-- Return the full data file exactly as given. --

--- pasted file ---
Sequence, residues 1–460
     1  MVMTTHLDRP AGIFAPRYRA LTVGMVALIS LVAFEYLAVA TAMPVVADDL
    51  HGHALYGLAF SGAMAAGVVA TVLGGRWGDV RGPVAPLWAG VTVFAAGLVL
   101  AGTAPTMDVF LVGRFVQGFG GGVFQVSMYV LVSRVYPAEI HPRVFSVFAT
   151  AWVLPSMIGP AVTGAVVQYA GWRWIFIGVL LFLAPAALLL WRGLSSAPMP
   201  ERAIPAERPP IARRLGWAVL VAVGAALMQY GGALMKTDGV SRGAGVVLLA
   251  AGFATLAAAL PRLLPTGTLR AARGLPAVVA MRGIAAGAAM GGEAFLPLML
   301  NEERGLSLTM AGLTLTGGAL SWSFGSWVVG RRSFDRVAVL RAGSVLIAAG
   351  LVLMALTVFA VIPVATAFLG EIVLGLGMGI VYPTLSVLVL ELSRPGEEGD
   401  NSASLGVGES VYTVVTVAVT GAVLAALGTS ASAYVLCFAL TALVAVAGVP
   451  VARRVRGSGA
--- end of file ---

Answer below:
Sequence, residues 1–460
     1  MVMTTHLDRP AGIFAPRYRA LTVGMVALIS LVAFEYLAVA TAMPVVADDL
    51  HGHALYGLAF SGAMAAGVVA TVLGGRWGDV RGPVAPLWAG VTVFAAGLVL
   101  AGTAPTMDVF LVGRFVQGFG GGVFQVSMYV LVSRVYPAEI HPRVFSVFAT
   151  AWVLPSMIGP AVTGAVVQYA GWRWIFIGVL LFLAPAALLL WRGLSSAPMP
   201  ERAIPAERPP IARRLGWAVL VAVGAALMQY GGALMKTDGV SRGAGVVLLA
   251  AGFATLAAAL PRLLPTGTLR AARGLPAVVA MRGIAAGAAM GGEAFLPLML
   301  NEERGLSLTM AGLTLTGGAL SWSFGSWVVG RRSFDRVAVL RAGSVLIAAG
   351  LVLMALTVFA VIPVATAFLG EIVLGLGMGI VYPTLSVLVL ELSRPGEEGD
   401  NSASLGVGES VYTVVTVAVT GAVLAALGTS ASAYVLCFAL TALVAVAGVP
   451  VARRVRGSGA